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    Bartholomew, Craig J.


    Three Horizons: Hermeneutics from the Other End―An Evaluation of Anthony Thiselton’s Hermeneutic Proposals

    "Anthony Thiselton has devoted his academic life thus far to illuminating this modern, and we might add ‘postmodern’, end of the problem of biblical interpretation. And he has done so with extraordinary and exemplary thoroughness, and must be ranked as one of the major contemporary Christian authorities on hermeneutics...This paper is an attempt to map out the overarching sweep of Thiselton’s proposals and to provide a preliminary critique from this perspective. There is a distinct disadvantage in getting a picture of the whole but of course it easily loses sight of the immense amount of detail that Thiselton’s texts contain. We will begin with a look at Thiselton’s view of how philosophy can help biblical hermeneutics, and then see how he develops these different means of help. Thereafter we will examine his proposal for a pastoral hermeneutics, which emerges in the postmodern context, before evaluating his work from this overarching perspective."
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    Blomberg, Craig L.


    The Globalization of Hermeneutics

    "Whatever one may think of the authors of the globalized interpretations I have given, one thing they all share is the firm conviction that they are unpacking the actual meaning and/or significance of the text. These are not representatives of those branches of liberationism or feminism or any other ideology that so often begin with praxis or impose their own artificial interpretive grids on certain passages. They have each done historical-grammatical research on the text and are convinced their interpretations are defensible at the level of the Biblical world. They merely believe that their own contemporary circumstances put them in closer touch with the setting of the texts they are investigating, so that analogies from their modern experiences stand a good chance of reflecting what the people in the Biblical world were experiencing as well."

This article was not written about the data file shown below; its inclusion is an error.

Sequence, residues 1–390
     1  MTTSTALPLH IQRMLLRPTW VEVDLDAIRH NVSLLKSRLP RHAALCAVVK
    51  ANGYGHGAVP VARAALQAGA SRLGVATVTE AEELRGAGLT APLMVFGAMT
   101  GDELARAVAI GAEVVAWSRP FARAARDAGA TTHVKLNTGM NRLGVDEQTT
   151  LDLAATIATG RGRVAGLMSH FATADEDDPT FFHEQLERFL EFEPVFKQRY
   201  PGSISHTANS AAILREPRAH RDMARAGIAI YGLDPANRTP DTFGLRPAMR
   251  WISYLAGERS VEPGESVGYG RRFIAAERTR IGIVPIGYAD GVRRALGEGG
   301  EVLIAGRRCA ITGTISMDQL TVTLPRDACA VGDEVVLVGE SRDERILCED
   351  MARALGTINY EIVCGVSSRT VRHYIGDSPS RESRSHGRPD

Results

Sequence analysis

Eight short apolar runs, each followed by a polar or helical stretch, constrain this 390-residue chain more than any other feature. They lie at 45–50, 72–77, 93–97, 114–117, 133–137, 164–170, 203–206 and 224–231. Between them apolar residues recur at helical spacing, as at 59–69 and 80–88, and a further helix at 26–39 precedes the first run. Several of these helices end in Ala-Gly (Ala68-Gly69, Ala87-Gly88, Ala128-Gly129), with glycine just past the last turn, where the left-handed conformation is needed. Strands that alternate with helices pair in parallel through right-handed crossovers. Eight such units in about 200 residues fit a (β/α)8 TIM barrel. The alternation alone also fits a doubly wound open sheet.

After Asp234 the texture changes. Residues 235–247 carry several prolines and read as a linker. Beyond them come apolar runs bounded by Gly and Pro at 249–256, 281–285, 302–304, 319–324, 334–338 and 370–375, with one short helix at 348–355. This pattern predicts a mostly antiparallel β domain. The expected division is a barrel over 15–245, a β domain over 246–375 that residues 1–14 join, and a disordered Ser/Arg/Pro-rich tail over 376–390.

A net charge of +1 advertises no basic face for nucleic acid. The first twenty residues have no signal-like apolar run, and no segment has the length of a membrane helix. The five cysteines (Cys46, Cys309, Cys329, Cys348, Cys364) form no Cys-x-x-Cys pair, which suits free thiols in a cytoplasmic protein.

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    Corduan, Winfried


    Humility and Commitment: An Approach to Modern Hermeneutics

    "Hermeneutics is known variously as an art or as a science. Its subject-matter is said to be interpretation or understanding. Regardless of the formal definition, hermeneutics is the study of how we come to know what a text means. Nowadays this study can be either descriptive―how understanding is possible―or prescriptive―what we should do in order to understand a text. This article has a twofold purpose. On the one hand it seeks to set the scene of some recent developments in philosophical hermeneutics. But it will also do so in the light of the more traditional role of hermeneutics, viz. to provide principles on how to arrive at the correct meaning of the text."